by Rasmus Benestad, with contributions from Caspar & Eric
In a recent article in Climatic Change, D.G. Martinson and W.C. Pitman III discuss a new hypothesis explaining how the climate could change abruptly between ice ages and inter-glacial (warm) periods. They argue that the changes in Earth’s orbit around the Sun in isolation is not sufficient to explain the estimated high rate of change, and that there must be an amplifying feedback process kicking in. The necessity for a feedback is not new, as the Swedish Nobel Prize winner (Chemistry), Svante Arrhenius, suggested already in 1896 that CO2 could act as an amplification mechanism. In addition, there is the albedo feedback, where the amount of solar radiation that is reflected back into space, scales with the area of the ice- and snow-cover. And are clouds as well as other aspects playing a role.
Martinson & Pitman III’s hypothesis states that the fresh water input works in concert with the Milankovitch cycle and the albedo feedback. They conclude that ‘major’ terminations can only follow from glacial build-up of sufficient magnitude to isolate the Arctic, inhibiting the inflow of fresh water to the point that salinity buildup in the surface layer from slow but continuous growth of sea-ice, causes overturn of the Arctic (through the effect on the atmospheric circulation and the ocean currents). The vertical overturning brings warmer water up from below, setting conditions that are more favourable for ice metling. Salinity plays a role too, but the hypothesis does not mention variations in the greenhouse gases (GHGs). A few questions: Did Martinson and Pitman III forget this last point? Or did the GHGs only represent a minor contribution? And, could not changes in GHGs explain much of the variability? On the other hand, it sounds plausible that changes in salinity and fresh water input may affect the sea-ice formation and the deep convection. However, so far, the hypothesis proposed by Martinson and Pitman III is merely a speculation, and we are waiting to see if the hypothesis can be tested through numerical model experiments (which would require higher resolution sea-ice and ocean models than used in todays global climate models). It would be interesting to carry out experiments to assess the significance of the fresh water only, GHGs, and the combined effect.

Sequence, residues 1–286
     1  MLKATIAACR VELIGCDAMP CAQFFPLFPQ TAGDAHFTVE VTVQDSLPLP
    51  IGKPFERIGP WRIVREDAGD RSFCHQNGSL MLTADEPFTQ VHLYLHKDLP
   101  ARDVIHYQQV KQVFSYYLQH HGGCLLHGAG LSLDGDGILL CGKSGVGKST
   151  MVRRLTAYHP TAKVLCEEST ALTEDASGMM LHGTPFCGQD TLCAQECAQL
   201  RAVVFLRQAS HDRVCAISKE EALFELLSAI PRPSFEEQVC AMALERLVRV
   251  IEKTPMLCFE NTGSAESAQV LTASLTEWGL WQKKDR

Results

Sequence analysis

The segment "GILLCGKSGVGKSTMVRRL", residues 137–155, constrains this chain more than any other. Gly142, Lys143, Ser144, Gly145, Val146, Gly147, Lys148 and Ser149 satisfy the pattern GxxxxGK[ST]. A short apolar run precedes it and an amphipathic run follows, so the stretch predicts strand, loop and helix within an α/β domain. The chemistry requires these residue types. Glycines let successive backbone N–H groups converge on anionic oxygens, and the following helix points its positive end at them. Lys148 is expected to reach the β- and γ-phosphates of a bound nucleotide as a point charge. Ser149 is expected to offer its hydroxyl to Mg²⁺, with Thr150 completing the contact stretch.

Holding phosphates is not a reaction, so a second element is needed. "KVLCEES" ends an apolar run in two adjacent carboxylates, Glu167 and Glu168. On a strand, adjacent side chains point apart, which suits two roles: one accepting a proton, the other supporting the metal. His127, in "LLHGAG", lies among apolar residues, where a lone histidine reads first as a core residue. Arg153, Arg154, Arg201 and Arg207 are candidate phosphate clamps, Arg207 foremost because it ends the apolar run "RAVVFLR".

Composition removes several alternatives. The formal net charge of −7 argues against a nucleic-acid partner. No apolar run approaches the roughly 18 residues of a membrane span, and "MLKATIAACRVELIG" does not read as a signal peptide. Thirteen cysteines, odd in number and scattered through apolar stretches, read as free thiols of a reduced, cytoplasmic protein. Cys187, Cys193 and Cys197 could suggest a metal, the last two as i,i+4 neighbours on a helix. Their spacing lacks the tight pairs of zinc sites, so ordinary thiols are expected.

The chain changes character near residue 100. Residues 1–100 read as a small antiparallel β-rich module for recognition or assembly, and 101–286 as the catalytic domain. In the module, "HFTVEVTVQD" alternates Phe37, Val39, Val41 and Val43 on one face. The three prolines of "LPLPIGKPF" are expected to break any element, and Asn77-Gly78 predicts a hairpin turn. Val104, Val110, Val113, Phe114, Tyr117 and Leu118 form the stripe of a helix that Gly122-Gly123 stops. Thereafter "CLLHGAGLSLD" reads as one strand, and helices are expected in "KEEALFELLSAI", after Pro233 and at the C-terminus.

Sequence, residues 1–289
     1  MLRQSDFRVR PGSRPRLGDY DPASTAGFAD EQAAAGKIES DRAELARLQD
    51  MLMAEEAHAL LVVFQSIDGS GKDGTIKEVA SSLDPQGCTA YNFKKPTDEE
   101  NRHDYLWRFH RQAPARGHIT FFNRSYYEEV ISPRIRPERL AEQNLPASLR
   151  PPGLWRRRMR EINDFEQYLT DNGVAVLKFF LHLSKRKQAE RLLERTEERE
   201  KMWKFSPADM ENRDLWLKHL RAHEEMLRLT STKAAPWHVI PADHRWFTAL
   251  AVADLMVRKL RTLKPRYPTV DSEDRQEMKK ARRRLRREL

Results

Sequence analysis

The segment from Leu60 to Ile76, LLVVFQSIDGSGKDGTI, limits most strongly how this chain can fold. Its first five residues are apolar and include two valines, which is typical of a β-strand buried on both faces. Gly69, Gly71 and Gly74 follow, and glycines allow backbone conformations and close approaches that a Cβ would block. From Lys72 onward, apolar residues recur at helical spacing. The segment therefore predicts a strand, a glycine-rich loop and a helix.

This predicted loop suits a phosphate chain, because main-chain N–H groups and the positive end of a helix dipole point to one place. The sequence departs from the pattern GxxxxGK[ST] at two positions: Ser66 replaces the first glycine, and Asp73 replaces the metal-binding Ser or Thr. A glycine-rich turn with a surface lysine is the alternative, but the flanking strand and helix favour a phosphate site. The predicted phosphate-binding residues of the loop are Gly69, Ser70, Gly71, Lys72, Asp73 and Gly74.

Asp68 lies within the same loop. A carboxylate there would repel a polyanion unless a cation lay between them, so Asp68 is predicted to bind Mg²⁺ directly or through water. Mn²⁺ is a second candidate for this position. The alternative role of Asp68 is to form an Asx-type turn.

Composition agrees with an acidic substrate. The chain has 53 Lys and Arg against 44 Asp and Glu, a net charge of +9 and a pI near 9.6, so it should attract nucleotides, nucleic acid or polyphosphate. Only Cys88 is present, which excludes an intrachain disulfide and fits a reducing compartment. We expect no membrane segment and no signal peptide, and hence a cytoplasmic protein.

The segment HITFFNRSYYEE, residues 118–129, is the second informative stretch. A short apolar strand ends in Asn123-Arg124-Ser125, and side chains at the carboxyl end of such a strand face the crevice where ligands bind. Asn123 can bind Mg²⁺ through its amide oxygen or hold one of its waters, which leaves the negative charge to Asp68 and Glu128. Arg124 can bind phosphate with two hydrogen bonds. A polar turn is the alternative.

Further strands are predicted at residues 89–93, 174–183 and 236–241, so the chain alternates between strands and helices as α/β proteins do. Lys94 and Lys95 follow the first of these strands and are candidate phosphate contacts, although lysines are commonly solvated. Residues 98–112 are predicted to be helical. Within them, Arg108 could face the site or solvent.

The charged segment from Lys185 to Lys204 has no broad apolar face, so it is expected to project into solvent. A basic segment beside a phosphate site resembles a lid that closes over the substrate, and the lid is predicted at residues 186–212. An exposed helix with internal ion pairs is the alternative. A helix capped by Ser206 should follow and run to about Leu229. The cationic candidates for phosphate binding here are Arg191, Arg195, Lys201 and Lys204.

One reaction to the Martison and Pittman paper is: Where is the calculation of energy? Greenhouse gases only contribute a couple of W/m2, vs. the seasonal Milankovich forcing of >40. For this new idea to have merit, it had better have heat fluxes at least on par with the radiative forcing from CO2. Previous modeling studies find that GHG make up roughly 50% of the total LGM to present temperature response (see e.g. Broccoli & Manabe), the other part being albedo etc that respond to the seasonal cycle of irradiance. It is tricky to completely isolate the individual causes because changes in GHG may produce altered cloud and sea ice distribution. But roughly speaking, if you do an LGM run and only reduce sea level, put in the ice sheets, change the vegetation, add some dust (though that one is still rough), then you get about 50% the way you want to go. Change the GHG concentrations and you get close. This is more or less what Manabe and Stouffer showed 15 years ago. The question is do we need anything else, really, and does that ‘anything else’ pack sufficient punch.